Larry hired me into Boeing. Recently divorced and with two small boys, I moved to Huntsville, Alabama, to start over. I knew that Huntsville was a Mecca of sorts for engineers. I would imagine the Huntsville area employs more STEMs per capita than anywhere else in the US. I didn’t think finding a job would be very hard In Huntsville. It just took a few months.
The first job I was able to procure was with a consulting firm that had a contract with a chemical plant located thirty miles away from Huntsville. The pay was so-so and the benefits didn’t amount to much more than health insurance, but it was a job.
I continued to look for work closer to home. I had dropped an application and resume off at the Boeing employment office and never expected to hear from them. Then I received a phone call to interview for a project engineering position on the International Space Station program.
The interview was held with three men and me. At one time. I was so intimidated and I’m sure it showed during the interview. I’ve never had a group interview like that. None of the men were managers, which I thought was strange. They inquired about my chemical industry experience, they were curious having spent most of their careers in aerospace. Boeing would be my first foray into aerospace. They were skeptical but I thought, “How hard could it be?”
One of the three mentioned a fourth man was on vacation and unable to sit in on the interview. I made it through the session in not too bad shape and waited. I waited until I forgot that Boeing even contacted me. Then late one night, my phone rang.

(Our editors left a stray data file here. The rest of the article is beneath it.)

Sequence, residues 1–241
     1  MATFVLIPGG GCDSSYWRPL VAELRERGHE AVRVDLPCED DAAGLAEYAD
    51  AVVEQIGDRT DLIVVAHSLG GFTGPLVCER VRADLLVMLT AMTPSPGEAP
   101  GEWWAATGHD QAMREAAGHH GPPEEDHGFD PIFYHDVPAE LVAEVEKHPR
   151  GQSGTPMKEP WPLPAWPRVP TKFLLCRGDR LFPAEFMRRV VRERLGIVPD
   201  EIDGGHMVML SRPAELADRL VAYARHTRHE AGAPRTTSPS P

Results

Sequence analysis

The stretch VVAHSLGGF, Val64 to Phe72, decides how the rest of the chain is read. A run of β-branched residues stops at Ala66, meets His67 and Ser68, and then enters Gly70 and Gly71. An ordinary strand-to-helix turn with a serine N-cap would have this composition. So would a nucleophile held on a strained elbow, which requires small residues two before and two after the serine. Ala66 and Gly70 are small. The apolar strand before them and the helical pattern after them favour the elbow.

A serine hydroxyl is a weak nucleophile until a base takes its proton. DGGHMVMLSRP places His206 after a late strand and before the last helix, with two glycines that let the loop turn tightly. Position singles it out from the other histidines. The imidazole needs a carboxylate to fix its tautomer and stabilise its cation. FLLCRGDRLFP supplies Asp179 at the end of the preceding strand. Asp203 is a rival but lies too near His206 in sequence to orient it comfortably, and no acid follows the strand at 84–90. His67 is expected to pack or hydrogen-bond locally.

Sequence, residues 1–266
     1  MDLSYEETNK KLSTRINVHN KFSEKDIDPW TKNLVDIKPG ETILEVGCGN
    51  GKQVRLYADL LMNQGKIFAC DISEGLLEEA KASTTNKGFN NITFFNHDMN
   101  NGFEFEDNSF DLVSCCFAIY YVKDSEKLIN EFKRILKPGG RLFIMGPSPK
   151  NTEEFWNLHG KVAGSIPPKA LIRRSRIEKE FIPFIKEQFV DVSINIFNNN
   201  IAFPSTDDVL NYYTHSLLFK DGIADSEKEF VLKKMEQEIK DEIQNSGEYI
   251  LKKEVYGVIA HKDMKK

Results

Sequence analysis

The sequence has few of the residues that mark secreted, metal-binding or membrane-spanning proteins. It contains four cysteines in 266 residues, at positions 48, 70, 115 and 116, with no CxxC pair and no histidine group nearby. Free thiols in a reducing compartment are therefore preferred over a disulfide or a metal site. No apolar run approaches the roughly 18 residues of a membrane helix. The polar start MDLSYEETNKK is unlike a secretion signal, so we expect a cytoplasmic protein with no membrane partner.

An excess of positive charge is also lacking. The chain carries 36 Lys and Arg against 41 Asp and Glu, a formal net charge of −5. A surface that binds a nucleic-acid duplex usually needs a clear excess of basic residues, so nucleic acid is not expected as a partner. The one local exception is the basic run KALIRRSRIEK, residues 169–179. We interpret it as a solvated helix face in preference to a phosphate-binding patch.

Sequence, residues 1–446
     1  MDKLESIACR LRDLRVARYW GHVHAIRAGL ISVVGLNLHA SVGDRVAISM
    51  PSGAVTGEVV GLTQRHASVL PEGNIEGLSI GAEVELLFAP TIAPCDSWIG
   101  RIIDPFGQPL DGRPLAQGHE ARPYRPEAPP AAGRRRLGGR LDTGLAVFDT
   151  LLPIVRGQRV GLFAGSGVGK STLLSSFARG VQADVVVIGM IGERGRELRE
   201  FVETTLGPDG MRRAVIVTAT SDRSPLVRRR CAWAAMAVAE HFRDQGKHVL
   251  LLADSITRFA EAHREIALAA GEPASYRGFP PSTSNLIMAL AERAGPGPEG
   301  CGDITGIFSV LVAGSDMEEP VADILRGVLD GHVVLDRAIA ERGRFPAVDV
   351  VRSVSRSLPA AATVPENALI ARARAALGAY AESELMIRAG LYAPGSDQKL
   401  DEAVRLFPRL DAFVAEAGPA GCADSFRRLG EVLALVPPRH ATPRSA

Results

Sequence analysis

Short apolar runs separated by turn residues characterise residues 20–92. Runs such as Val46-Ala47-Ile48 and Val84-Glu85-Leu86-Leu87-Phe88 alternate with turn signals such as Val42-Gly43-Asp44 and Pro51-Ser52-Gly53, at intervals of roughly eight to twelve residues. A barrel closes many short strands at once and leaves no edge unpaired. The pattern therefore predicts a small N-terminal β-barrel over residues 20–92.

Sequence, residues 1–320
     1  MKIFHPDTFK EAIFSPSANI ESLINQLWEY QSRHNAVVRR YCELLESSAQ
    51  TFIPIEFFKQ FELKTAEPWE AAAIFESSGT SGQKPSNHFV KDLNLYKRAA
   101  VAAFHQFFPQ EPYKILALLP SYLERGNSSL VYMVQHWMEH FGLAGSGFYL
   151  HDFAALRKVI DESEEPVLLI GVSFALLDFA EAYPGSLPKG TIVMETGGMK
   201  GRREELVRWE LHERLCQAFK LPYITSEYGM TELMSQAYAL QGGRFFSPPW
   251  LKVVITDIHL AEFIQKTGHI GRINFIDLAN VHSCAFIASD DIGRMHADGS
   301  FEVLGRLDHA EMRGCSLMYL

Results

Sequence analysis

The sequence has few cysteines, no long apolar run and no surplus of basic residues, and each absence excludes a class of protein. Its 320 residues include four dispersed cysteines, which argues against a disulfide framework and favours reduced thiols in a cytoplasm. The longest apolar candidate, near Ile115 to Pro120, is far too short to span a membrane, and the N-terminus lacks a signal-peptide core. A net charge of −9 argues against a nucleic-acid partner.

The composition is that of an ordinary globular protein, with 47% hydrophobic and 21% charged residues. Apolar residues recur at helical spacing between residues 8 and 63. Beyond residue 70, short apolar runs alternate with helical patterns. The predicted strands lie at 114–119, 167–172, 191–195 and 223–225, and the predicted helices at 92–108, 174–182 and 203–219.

My first conversation with Larry lasted two hours, until midnight, that night. He told me the other three men didn’t think I was a fit. Larry thought otherwise. He recognized that aerospace experience was not as important as engineering experience. Through his review of my resume and our discussion that night, Larry saw potential in me that escaped the other men.
Within two weeks, a light year in corporate terms, Larry walked my offer through the halls to obtain the needed signatures and I had an offer in the mail greet me one day. I accepted immediately. My salary and benefits were much better and my drive time was cut in half.
Larry was my lead engineer for the three years I spent in Huntsville. We ended up in several different groups, as the program morphed and groups were folded and new ones formed. Each time, rumors of layoffs abounded, but never came to fruition. Larry, a veteran of the aerospace industry, told me, “If you are going to be afraid of being laid off, then you have no business being in aerospace.” Truer words were never stated. I haven’t worried about layoffs and I’ve not been close to one. Ever. Thanks, Larry.